A family reels when an angelic son vanishes, in Carey’s heartfelt fourth novel.
In less capable hands, the story of a family torn apart by a runaway teenager, especially one who returns as a guardian angel, could turn mawkish. Hugh Furey is 15 when he goes missing after attempting to visit his ex-girlfriend in rehab. Hugh had been making the ’80s punk scene in Harvard Square instead of attending high school. His father, a professor of theology at Boston College, suspends work on a groundbreaking angels treatise to oversee the search for Hugh. His wife takes to her bed and turns over housekeeping and childcare for five-year-old Owen to their young daughter Lena. Five years later, Hugh is still missing. Dad has lost his post and is now an editor for a religious publisher. Mom is in med school. A mutual attraction binds Owen, now ten, to classmate Danny, who initiates sexual exploration, happened upon by Danny’s mother. Now a pariah at school due to Danny’s defensive queer-baiting, Owen malingers, missing weeks of fifth grade. Secluded in his room, he indulges his obsession with gravestone rubbings and angels—he recalls being rescued from electrocution by an angelicized Hugh. Tenth-grader Lena, talented, like Hugh, in photography, develops rolls of 35mm film shot by Hugh depicting his Harvard Square friends. She’s determined to follow the trail her parents have seemingly abandoned. Disguising herself as a spiky-haired, combat-booted boy, she goes in search of drug-dealer Lionel, a regular in Hugh’s photos. Enticed into the Ecstasy-popping and pot-smoking world of Sebastian, a conduit to Lionel, she reckons the cost, to Owen and herself, of her parents’ shell-shocked obliviousness. After transgressing the gender divide, virtually channeling Hugh and losing her virginity, Lena thinks she has found the key to Hugh’s disappearance. Alternating between Owen’s and Lena’s points of view, Carey (Love in the Asylum, 2004, etc.) details the Fureys’ disintegration and tentative steps toward rapprochement.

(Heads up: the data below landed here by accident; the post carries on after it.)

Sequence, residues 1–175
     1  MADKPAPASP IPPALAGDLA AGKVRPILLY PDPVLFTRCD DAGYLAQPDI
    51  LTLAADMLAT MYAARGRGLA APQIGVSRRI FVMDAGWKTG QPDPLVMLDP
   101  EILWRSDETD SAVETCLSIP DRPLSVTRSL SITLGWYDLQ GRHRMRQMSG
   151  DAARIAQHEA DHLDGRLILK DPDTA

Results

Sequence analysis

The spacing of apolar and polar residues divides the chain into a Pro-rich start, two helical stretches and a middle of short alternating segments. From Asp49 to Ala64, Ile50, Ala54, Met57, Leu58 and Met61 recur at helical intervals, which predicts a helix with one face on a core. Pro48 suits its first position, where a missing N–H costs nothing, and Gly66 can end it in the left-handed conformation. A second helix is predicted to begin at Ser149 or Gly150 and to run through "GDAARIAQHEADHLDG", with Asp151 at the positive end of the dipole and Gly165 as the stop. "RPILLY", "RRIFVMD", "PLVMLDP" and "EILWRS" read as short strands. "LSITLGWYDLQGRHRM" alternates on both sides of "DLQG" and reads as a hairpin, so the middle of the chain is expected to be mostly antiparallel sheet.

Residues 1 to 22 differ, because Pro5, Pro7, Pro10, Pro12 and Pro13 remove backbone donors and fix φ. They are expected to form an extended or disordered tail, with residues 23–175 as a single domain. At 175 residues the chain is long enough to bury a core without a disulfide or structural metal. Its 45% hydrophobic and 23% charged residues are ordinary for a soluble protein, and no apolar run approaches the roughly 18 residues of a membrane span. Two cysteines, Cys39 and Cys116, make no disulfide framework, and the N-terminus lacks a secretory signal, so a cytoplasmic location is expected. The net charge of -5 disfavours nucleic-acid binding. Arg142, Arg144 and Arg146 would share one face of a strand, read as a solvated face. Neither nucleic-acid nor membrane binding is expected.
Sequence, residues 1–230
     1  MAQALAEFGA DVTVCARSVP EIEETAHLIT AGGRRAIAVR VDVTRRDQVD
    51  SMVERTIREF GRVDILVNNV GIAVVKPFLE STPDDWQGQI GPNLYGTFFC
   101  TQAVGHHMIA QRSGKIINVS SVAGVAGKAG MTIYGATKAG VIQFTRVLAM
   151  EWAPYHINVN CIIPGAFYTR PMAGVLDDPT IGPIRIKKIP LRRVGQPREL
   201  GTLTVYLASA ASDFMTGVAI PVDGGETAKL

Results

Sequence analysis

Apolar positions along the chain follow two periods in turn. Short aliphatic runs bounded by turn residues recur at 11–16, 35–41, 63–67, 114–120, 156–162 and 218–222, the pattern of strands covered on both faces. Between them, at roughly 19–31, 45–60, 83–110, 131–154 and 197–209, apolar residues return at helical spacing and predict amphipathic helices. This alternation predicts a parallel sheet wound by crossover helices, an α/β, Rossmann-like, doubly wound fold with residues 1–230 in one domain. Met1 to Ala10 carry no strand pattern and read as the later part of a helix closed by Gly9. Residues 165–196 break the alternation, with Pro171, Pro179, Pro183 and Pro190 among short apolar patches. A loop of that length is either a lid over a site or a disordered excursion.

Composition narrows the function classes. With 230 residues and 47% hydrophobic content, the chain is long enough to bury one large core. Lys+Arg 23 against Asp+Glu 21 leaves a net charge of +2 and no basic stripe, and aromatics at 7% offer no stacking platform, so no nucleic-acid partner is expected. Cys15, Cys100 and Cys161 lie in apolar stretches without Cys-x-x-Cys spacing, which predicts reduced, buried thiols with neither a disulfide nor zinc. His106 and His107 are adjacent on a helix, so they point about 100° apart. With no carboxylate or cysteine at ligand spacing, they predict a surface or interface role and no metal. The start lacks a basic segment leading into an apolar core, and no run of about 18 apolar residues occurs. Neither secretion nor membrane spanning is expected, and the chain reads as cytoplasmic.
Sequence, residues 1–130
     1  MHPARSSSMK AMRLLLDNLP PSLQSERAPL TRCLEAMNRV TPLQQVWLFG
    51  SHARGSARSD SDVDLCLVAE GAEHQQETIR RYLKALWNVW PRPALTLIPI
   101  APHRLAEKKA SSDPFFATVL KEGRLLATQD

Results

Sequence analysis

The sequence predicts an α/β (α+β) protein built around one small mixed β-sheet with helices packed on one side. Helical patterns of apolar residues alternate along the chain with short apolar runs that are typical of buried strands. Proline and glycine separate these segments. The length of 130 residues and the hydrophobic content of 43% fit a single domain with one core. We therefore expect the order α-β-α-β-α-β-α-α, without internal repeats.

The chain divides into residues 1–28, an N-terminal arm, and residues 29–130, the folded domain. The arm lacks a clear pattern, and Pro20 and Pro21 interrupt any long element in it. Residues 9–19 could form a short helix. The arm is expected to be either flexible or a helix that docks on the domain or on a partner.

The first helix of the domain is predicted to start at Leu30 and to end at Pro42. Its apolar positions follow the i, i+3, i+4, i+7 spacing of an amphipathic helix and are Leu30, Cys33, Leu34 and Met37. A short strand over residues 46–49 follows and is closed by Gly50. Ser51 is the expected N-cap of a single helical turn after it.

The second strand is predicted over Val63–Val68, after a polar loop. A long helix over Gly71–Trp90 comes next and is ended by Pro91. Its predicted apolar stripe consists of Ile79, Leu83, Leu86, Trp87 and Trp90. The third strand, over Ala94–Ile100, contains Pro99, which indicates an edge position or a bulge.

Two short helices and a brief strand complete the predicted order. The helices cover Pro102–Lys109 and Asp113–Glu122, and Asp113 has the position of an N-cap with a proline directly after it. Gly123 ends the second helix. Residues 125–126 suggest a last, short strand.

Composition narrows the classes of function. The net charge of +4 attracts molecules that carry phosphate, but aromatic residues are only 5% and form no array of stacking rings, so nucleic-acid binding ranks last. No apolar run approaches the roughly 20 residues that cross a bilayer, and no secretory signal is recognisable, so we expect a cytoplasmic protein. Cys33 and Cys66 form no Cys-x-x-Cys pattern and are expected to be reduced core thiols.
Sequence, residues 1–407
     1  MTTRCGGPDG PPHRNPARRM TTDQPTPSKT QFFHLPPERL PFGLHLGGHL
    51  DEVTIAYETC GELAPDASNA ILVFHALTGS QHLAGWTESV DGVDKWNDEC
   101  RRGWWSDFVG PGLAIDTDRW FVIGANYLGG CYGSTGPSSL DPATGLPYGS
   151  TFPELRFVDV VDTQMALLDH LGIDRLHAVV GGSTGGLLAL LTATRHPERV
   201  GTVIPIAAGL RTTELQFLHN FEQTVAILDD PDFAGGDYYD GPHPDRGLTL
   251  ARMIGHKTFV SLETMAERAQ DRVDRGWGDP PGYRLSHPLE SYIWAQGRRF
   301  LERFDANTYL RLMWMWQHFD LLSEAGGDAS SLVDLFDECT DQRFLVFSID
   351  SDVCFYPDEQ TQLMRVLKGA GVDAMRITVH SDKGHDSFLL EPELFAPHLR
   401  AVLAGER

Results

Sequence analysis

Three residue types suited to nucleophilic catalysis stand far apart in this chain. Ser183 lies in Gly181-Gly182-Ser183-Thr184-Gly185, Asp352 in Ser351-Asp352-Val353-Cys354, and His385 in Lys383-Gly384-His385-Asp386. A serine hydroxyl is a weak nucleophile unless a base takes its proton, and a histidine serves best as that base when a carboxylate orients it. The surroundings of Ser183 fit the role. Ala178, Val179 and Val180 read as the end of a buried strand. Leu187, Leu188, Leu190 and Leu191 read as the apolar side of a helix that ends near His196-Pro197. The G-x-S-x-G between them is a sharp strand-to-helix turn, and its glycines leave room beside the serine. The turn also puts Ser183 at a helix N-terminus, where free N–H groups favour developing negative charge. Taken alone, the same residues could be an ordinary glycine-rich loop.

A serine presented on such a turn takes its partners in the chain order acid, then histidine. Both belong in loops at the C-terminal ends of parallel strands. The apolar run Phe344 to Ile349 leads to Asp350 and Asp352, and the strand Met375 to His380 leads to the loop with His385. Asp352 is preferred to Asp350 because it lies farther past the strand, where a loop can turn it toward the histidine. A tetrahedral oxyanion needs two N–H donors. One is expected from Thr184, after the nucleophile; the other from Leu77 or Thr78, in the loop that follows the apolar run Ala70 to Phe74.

Stark delineation of childhood’s treacherous terrain.